Game Dev Adventure #3 - New Start and Networking
Updated: Jul 17, 2020
In the past years, I have focused most of my time on single-player games. Until recently, I never thought multiplayer game development would be much different than single-player games, but I was very wrong. Lately, I began concentrating on developing MMORPG multiplayer games, so I started learning about networking. With both networking and programming knowledge I have at this time, I now understand that writing a single-player game is very different than writing a multiplayer game. In my personal opinion, I don’t think there is as much to worry about in developing a single-player game as there is in a multiplayer game. Everything— at least almost everything— that needs to be dealt with when developing a single-player game may also have to be dealt with in a multiplayer game. Moreover, multiplayer games may create critical roadblocks for game developers—e.g. latency, systems architecture knowledge (if not using the P2P model), and more.
When I first began this new project of mine, I had very little networking knowledge, meaning I would have to learn everything from scratch. After doing a lot of research, I still felt very lost and stuck. Rather than hang up the towel, I am going to confront my challenges and work towards developing a successful multiplayer game. While there are many tutorials out there are rarely tutorials tailored to a specific solution for implementation. I understand that every use case would need a different way to implement, so it is hard for any tutorial to fit everyone's needs. However, that is also the reason why a good tutorial would be very valuable for readers like me.
Like most people, I just randomly search topics of interest in Google or YouTube to see if I can find anything close to being useful. “Central host,” “server,” “photon,” “mirror,” “Unity dedicated server set up,” etc. These keywords ended up giving me quite a few results. However, the vast majority of these sites or videos did not teach me anything fundamental.
I proceeded to spend a few days searching for good networking lessons, where I finally found one great tutorial and decided to begin learning from it. The tutorial videos I ended up following are from the "C# Networking Tutorials" series created by Tom Weiland. They discuss how to use the .NET Core framework with the Unity engine to create a multiplayer game. I would highly recommend anybody to check the videos out later, as the tutorials were quite helpful for me. The tutorials have step-by-step guides on how to start writing a server for multiplayer games using .NET Core. Consequently, this required me to throw away my developer pride and act like I am just a newbie even to programming. From these videos, I have learned the basic knowledge I need to at least start implementing the ideas into my own game.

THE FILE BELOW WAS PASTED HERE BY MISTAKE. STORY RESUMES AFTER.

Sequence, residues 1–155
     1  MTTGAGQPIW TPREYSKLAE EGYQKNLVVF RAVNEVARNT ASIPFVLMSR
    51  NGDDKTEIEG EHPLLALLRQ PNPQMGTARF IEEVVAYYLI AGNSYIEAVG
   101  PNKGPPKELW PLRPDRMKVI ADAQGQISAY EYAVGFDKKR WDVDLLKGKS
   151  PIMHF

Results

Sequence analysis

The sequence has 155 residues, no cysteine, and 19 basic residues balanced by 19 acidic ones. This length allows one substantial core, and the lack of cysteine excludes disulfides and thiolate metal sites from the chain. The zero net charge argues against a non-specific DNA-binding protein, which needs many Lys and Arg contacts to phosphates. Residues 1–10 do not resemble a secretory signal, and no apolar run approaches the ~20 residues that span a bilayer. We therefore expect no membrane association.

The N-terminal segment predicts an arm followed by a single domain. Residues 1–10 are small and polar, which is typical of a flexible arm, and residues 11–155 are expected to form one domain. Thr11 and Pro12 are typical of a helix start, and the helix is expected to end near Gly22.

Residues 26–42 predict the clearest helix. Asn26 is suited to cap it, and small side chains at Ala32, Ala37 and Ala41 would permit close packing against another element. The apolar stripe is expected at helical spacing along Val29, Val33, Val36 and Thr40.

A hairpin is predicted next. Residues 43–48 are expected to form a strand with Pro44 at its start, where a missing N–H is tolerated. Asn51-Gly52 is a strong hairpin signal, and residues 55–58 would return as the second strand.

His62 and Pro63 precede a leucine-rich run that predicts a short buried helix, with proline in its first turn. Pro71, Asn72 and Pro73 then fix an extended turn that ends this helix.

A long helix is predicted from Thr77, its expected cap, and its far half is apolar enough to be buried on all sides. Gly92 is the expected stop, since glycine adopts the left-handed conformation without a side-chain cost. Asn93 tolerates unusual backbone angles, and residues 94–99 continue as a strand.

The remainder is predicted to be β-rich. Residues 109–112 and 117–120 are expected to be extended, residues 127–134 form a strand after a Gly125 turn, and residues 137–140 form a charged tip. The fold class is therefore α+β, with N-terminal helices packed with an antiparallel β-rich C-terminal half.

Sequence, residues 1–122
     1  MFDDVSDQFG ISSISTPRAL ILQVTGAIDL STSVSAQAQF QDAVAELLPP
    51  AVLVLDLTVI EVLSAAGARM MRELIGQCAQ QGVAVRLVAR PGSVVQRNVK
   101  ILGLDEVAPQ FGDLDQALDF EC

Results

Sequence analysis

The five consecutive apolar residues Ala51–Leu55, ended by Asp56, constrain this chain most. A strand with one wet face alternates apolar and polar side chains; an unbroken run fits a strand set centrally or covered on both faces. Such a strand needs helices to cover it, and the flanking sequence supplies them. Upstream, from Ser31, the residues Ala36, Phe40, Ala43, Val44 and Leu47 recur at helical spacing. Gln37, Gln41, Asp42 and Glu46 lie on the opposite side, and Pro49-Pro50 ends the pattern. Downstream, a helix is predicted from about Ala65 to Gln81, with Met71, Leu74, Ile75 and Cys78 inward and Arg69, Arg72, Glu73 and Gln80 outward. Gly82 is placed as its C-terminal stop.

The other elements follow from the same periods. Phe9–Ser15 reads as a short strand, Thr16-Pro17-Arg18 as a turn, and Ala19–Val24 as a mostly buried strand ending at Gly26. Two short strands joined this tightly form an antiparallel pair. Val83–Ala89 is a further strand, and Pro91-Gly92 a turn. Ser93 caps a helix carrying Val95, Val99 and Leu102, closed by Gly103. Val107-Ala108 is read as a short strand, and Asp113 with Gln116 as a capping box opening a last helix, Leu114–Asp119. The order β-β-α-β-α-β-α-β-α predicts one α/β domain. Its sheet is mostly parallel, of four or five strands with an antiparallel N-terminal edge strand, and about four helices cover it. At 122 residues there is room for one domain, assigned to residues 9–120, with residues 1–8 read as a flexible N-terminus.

From my understanding so far, there are a few key points to take away from watching all the tutorials: type of network communications, packaging data packets as small as possible, and joining game development communities.
First, the two major types of communication are UDP and TCP. UDP is a very fast way to send packets through the internet, but the major flaw is packets can be dropped at times; TCP is a reliable way to send packets through the internet, but very costly in comparison. Therefore, TCP is good for transferring essential information between servers and clients, whereas UDP is good for signaling consistent fast-paced input or information if the drop of a small number of packages isn't part of the worry.
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Second is making sure the data being transferred is constructed as condensed as possible. Every bit of information becomes a cost for the operation, so it is always good to keep in mind that only the necessary data should be sent between the server and clients. If something is redundant, just simplify the data structure and only send out the necessary information on each packet.
Lastly, I realize how important it was to join communities that have game developers. Besides gaining the knowledge needed for networking, I have also learned the value of gaining some new connections with others on the same passion would be very beneficial. Through Discord channels as well as forums, I have found many avenues for information by asking questions and having some fun discussions.
Feel free to comment below to correct me if I have any incorrect information. I am still very new to networking, but I wanted to share what I have learned so far, and hopefully people who are also new can at least have something to follow.
Overall, learning networking is just the first step. Sit down and make sure to learn the fundamentals, since that will certainly help make the process of writing multiplayer games much easier. Without the understanding of the technology, it would be nearly impossible to be able to finish any size of a multiplayer game project; therefore, go learn the basics before jumping right into it. Remember, don't hesitate to start something you enjoy. Even if there is no result, at least the experience you get from the process would be immensely valuable.
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Tom's C# Networking Tutorials: Here
Post featured photo by NASAon Unsplash
Below are two great Unity assets that are also really good for Networking. Can check these out too!